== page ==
• “If [Wright] truly is Satoshi, he should prove it by moving a random amount of bitcoin from an ancient wallet, but so far it has not happened.”

People might be wary of working in the metaverse full time, but Pipo Saúde's CEO, Manoela Mitchell, said people eventually got used to it:

  • “We want people to have spontaneous conversations … and people love it.”

Elon Musk doesn’t care for EV subsidies in the new infrastructure bill:

  • "Do we need support for gas stations? No.”

Pascal Gauthier said Ledger is ahead of Block, but it’s still a big rival:

  • “It’s a $100 billion company. They're going to go aggressively after our market.”

Elizabeth Holmes didn’t correct the record when Fortune published a cover story on Theranos. But was she worried that it would cast her in a bad light?

  • “I was not.”

Making moves

Jessica Rosenworcel was confirmed to lead the FCC. Her nomination had support from both sides of the aisle.

Stan Chudnovsky will leave Meta next year. He oversaw the company’s messaging integration efforts and ran Messenger.

Halo Infinite’s campaign is here. It appears to be 343 Industries’ shot at bringing back some earlier Halo fans and making the series more relevant.

Vimeo made a few new hires: Adobe’s Eric Cox joined as chief revenue officer, and former Canva exec Crystal Boysen is the new chief people officer. Michael Schiff and Erick Cruz, both from Salesforce, joined as head of business ops and head of customer success, respectively.

Oren Teich is Foursquare’s new SVP of product. He most recently worked at Google as director of product development.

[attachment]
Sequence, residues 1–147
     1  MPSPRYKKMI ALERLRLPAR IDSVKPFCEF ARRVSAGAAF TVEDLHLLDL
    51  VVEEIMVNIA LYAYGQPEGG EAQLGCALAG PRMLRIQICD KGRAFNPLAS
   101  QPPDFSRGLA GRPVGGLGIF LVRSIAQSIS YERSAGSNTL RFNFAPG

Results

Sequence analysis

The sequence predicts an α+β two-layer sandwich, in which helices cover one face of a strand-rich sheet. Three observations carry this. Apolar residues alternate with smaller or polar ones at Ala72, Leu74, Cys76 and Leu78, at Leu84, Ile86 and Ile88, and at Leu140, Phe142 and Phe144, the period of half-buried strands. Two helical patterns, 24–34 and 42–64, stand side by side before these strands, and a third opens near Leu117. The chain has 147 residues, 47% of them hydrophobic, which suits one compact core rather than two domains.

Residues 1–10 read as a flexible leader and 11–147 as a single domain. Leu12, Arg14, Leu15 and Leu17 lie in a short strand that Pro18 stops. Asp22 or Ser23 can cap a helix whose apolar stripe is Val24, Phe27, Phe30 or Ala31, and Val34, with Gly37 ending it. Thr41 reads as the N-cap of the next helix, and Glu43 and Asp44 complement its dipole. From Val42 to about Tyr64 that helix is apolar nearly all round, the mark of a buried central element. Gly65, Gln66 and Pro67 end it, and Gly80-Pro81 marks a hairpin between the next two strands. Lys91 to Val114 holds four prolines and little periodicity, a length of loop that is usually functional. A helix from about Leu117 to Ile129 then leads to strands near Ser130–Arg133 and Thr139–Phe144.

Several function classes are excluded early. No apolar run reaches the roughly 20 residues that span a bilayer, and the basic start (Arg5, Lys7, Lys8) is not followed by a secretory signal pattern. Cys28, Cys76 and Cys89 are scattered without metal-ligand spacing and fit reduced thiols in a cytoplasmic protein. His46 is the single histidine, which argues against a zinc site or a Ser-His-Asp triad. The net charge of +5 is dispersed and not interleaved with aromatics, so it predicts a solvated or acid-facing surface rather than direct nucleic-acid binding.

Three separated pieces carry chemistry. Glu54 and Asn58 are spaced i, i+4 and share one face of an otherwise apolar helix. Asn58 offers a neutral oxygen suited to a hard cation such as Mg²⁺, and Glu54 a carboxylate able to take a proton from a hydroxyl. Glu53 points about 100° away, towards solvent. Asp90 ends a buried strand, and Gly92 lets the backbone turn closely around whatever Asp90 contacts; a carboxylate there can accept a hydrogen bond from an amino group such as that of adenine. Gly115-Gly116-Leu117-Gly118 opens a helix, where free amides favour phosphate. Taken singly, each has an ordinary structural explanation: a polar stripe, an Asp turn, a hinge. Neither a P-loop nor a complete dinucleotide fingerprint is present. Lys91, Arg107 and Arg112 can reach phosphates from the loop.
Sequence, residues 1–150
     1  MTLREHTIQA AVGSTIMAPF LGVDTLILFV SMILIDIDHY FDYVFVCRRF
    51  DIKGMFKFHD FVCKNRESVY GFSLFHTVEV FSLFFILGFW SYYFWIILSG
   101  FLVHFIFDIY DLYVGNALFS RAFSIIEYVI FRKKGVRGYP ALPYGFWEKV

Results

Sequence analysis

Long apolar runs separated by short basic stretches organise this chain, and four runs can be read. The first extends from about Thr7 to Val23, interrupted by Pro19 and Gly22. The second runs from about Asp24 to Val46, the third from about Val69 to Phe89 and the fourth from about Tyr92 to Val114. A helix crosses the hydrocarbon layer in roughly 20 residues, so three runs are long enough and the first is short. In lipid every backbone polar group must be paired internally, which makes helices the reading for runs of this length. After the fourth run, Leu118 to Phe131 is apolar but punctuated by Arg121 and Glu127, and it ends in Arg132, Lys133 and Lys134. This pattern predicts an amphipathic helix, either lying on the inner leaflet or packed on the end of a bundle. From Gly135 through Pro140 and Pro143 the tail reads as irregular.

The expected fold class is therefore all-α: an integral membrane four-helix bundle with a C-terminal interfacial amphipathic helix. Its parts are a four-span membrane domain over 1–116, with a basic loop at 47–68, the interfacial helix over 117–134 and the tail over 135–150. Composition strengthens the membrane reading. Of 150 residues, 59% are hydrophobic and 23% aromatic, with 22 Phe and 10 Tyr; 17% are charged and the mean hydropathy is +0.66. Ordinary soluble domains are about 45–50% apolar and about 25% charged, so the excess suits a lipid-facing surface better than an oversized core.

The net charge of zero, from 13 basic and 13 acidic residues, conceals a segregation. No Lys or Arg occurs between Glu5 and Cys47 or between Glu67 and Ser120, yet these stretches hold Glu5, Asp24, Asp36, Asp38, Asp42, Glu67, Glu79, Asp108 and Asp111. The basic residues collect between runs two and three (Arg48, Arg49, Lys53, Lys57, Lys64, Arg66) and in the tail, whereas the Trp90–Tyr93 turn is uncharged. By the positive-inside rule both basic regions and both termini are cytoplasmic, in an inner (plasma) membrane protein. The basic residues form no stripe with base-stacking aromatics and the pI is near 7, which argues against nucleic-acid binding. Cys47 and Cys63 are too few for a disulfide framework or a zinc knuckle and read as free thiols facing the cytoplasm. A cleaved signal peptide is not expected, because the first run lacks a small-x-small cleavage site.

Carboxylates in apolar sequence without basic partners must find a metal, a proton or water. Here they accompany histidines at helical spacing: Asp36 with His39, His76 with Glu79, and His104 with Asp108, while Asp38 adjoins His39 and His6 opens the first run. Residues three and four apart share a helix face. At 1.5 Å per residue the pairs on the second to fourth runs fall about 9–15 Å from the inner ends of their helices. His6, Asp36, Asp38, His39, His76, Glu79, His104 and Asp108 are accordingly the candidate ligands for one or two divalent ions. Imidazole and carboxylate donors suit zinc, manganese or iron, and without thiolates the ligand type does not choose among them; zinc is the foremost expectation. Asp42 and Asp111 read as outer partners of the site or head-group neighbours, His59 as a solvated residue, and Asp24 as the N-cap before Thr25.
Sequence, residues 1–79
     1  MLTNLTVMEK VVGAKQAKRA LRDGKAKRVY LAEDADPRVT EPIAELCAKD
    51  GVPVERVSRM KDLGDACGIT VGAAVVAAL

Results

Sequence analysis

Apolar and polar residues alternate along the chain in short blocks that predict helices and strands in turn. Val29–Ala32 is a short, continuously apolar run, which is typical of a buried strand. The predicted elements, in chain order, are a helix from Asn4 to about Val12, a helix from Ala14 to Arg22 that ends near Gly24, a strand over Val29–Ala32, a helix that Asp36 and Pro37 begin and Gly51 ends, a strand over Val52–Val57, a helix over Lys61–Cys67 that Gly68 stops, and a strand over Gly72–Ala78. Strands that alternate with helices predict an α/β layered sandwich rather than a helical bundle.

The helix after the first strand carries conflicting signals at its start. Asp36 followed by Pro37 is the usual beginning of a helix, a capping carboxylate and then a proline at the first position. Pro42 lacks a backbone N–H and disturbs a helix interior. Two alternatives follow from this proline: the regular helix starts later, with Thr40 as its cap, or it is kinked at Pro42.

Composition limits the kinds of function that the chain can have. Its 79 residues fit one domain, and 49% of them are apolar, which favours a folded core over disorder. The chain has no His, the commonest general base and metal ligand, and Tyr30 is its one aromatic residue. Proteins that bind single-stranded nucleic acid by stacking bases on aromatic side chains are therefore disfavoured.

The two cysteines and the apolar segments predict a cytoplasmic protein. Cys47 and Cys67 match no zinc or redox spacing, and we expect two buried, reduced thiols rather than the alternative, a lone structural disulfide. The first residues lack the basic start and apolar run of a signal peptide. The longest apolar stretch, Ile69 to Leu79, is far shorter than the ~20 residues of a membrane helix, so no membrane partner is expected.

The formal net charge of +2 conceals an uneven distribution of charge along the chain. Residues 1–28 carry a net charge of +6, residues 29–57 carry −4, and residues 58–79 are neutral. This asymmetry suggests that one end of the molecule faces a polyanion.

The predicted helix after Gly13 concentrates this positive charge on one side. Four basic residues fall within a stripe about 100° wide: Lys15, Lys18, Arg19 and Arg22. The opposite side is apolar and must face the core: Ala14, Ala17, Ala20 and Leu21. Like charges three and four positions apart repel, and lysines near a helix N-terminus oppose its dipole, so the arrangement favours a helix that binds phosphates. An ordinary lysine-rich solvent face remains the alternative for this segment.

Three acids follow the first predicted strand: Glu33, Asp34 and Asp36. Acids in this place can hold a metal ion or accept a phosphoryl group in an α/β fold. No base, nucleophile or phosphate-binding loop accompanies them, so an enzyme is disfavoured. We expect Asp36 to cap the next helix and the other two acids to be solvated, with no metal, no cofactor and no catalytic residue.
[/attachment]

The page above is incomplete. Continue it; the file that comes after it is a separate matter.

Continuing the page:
Judy Murphy joined Onyx Technology’s board. She’s the former chief nursing officer at IBM Global Healthcare.

In other news

Instagram introduced a slate of new tools for teens, just in time for Adam Mosseri’s testimony before Congress today. The platform is scaling back on recommendations for teen users and encouraging them to take breaks from the app.

There's also a big crypto hearing today. Execs from FTX, Coinbase, Stellar and others will testify to the House Financial Services Committee about how — and whether — they think crypto should be regulated.

Office re-openings are getting murky again. Meta and Lyft had both planned to re-open in the coming weeks, but both have now pushed the date back indefinitely. Expect more of this over the next few weeks.

Tim Cook made a secret deal with China, according to The Information. He supposedly signed a $275 billion agreement with the country years ago that promised to advance China’s technology and economy to avoid hostility from regulators.

AWS had an outage yesterday. Several websites were unavailable during the outage, including Protocol’s, and Amazon is still trying to figure out why.

Twitter bought Quill, a messaging service for businesses. Quill’s team will join Twitter Experience to help improve the platform’s DMs and other messaging tools.

Texas doesn't want its new social media law to be blocked. The state is looking to appeal a court ruling that temporarily stopped its new law preventing social media platforms from moderating content for hate speech.

Ubisoft wants in on NFTs with the introduction of Quartz, a platform forNFTs of in-game items like clothing and armor. This makes it the first major game publisher to launch a crypto project.

Bowser is paying Nintendo $10 million over piracy charges. No, not that Bowser. A hacker named Gary Bowser admitted to cyberattacking the company.

Airbnb’s Miniverse

It’s not necessarily the metaverse, and it has nothing to do with Meta. Airbnb launched the Miniverse, which Brian Chesky describes as a “miniature world of places you can book with Airbnb gift cards.”

Airbnb created a mini version of Iceland, but it’s unclear whether booking with a gift card will just get you into a Miniverse version of the home, or if booking through the Miniverse will get you a spot at the actual, real-world house. But seeing a digital 3D version of an Airbnb before booking it would be a super practical use of the virtual world!